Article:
< Earlier Kibitzing · PAGE 3 OF 3 ·
|Sep-15-06|| ||awfulhangover: Wow, black is beating Jesus in chess!|
|Sep-15-06|| ||Castle In The Sky: I had 35...♗e6 with the idea of 36...♕a8+ does this go anywhere?|
|Sep-15-06|| ||zb2cr: Missed it, rats. I'm with the 35. ... Bb7+ crowd.|
|Sep-15-06|| ||jahhaj: <Castle In The Sky> That was my first thought but after 35...Be6 36.Rg1 Black doesn't have anything.|
|Sep-15-06|| ||kevin86: This is one of the rare cases where a threat of mate in two is better than a threat of mate in one. The real problem is that Bb7+ Kh2 Qg2# is impossible because a dead elephant is in the way-the d.e. being the pinned rook at g7-lol|
|Sep-15-06|| ||brainzugzwang: Oh lord, I got a Friday puzzle (I think))! I also went in for 35... Qf7 instead of ...Qf8, thinking it was better for the Q to maintain access to the a8-h1 diagonal. From what I've seen this far, no one has refuted ...Qf7.|
|Sep-15-06|| ||Sasquatch777: Why couldn't white capture black's queen on move 24?|
|Sep-15-06|| ||Phony Benoni: <Sasquatch777> If White takes the queen on move 24, Black has 24...Nxh5, with rook and two pieces for the queen. White must have felt that the game continuation, which left him a piece down but with a more active queen, offered better chances.|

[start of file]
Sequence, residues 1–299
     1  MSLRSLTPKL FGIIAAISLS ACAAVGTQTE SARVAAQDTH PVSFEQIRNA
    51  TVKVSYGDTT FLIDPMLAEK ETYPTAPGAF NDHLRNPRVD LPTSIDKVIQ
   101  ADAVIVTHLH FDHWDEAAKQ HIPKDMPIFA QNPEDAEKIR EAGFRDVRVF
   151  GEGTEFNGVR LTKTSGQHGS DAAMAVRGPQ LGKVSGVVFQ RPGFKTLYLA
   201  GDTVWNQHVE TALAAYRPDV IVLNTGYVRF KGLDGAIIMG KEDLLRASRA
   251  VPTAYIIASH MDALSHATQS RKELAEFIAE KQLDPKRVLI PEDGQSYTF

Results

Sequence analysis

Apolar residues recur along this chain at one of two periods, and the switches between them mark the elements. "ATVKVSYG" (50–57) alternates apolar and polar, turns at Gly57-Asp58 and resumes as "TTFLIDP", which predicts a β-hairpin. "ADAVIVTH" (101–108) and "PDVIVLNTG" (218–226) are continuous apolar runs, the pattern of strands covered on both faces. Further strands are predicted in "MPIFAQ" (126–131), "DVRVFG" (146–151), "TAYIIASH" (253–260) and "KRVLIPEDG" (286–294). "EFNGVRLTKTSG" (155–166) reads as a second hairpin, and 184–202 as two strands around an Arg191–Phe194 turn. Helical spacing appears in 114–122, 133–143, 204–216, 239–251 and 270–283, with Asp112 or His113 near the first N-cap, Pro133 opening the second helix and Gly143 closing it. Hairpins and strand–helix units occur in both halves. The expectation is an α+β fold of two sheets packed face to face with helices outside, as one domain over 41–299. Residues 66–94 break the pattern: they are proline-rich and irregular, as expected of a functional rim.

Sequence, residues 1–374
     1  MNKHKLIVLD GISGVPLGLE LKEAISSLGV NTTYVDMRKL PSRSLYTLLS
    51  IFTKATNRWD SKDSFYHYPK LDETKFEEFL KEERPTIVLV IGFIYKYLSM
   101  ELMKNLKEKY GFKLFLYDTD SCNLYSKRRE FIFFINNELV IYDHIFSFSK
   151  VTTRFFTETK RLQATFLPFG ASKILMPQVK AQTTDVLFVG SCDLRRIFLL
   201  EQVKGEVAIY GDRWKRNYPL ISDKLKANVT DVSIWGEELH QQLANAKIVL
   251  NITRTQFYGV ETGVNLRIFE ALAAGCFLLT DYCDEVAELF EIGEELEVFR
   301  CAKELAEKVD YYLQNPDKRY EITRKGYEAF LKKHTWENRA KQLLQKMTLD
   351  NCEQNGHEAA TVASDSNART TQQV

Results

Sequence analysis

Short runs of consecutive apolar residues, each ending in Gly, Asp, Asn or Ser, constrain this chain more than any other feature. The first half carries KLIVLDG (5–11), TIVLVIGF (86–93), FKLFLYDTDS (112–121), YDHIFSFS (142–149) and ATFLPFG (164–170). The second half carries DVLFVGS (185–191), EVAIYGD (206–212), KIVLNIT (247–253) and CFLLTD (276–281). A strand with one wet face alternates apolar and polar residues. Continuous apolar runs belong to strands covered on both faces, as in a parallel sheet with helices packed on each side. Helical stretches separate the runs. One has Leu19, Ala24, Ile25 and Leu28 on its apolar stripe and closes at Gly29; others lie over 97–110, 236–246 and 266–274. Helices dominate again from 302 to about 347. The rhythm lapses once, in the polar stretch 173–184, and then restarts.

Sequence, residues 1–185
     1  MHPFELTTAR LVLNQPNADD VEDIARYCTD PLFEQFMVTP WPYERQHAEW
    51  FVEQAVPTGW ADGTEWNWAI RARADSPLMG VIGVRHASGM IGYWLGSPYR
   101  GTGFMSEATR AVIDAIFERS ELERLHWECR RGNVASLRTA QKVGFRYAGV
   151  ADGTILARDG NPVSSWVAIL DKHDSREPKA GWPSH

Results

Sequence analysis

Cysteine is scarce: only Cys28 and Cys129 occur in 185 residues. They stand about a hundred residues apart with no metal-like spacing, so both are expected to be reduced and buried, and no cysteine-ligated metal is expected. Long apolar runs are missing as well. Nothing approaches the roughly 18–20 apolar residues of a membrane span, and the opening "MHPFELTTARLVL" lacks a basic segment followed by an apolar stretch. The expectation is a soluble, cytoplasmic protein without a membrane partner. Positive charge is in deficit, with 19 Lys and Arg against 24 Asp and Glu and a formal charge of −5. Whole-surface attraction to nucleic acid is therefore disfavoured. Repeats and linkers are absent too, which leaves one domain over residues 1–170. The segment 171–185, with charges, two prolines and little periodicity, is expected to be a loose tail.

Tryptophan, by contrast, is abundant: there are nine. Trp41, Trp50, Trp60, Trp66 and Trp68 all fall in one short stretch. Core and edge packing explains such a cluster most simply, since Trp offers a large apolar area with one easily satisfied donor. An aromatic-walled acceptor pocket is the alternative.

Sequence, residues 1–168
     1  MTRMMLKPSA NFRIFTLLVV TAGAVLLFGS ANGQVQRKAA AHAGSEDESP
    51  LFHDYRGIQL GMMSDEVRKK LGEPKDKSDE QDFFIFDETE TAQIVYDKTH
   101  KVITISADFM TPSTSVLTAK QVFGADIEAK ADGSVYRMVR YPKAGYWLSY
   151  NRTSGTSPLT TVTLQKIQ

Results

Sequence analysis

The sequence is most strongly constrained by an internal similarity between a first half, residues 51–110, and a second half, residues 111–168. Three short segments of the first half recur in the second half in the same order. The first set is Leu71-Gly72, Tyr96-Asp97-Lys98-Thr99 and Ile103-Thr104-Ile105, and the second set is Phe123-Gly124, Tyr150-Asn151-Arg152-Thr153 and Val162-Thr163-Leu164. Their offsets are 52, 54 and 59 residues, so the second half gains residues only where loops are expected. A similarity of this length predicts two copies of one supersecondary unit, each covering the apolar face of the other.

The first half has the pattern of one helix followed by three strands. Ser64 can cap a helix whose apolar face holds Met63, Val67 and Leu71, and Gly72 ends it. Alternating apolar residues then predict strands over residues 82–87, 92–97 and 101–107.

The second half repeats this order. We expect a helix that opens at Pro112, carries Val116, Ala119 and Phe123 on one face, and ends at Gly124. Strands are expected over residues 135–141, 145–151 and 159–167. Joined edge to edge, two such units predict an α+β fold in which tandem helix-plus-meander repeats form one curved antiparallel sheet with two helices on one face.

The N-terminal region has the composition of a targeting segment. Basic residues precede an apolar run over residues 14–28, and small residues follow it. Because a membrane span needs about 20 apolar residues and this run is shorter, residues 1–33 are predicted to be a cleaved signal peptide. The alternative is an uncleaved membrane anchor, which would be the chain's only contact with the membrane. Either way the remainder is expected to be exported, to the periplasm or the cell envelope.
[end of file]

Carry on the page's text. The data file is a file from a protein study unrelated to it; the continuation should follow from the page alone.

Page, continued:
What I can't figure out comes after 35...Qf7; can White play 36.Qb8?
|Sep-15-06|| ||jahhaj: <Phony Benoni> 35...Qf7 36.Qb8 Qd5+ wins|
|Sep-15-06|| ||Phony Benoni: <jahhaj> Good enough. I'll be quiet now.|
|Sep-15-06|| ||moonrain: Dear Billosky, pinning does not stop any other rule. But even if would and 36. Kg1 36 ... Kg8+, right?|
|Sep-15-06|| ||trumbull0042: <siilarsi: <trumbull0042: ... Were the players on drugs or something?>
Did you ask that because the game was played in Columbia?> Of course not!|
|Sep-15-06|| ||worktobedestroyed: I think 19 Bxf7+ is winning, no?
19. Bxf7+ Qxf7 20. Qg4
seems pretty good for white. What have I overlooked?
|Sep-15-06|| ||avidfan: 31.Qe5+ Qg7 32.Qe8+ would be perpetual check.
*** *** ***
The only way to stop immediate mate was 39.Nf5 but 39...Qxf5 40.Qxf5 Bxf5 and Black would win the endgame with an extra bishop.
|Sep-15-06|| ||GoldenKnight: <WarrenHam: Tarjan is the brother of the famous computer scientist Bob Tarjan.>|
Thanks for this piece of information! I remember James Tarjan when he was a chess boy wonder back in the sixties. I was at the International Congress of Mathematicians in 1986 (held in Berkeley, CA that year) when Robert Tarjan won the Fields Medal. At first I wondered if they were the same person, then when I realized that their first names were different, I was disappointed and thought they were probably not even related -- until your post! Thanks again.
|Sep-16-06|| ||dzechiel: I picked 35...Qf7. Does that work as well?|
|Sep-16-06|| ||RandomVisitor: <dzechiel>yes.|
|Sep-20-06|| ||patzer2: White misses an easy win with <RV>'s 21. Nf5! and suffers defeat after 35...Qf8! (even stronger is <dzechiel>'s 35...Qf7!) as he cannot stop the attack on his exposed and helpless King.|
|Sep-20-06|| ||patzer2: White should have tried <RV>'s 35. Qf6!? However, after 35. Qf6!? Bb7+ 36. Nf3 Qf7! 37. Qd8+ Rg8! 38. Qd4+ Qg7! 39. Qxg7+ Rxg7 40. Rf1 h5! 41. h3 Rg3 Black is still winning.|
|Sep-20-06|| ||patzer2: White might also have held with 28. Qd6 or 31. Re1 or 34. Rf1 =. |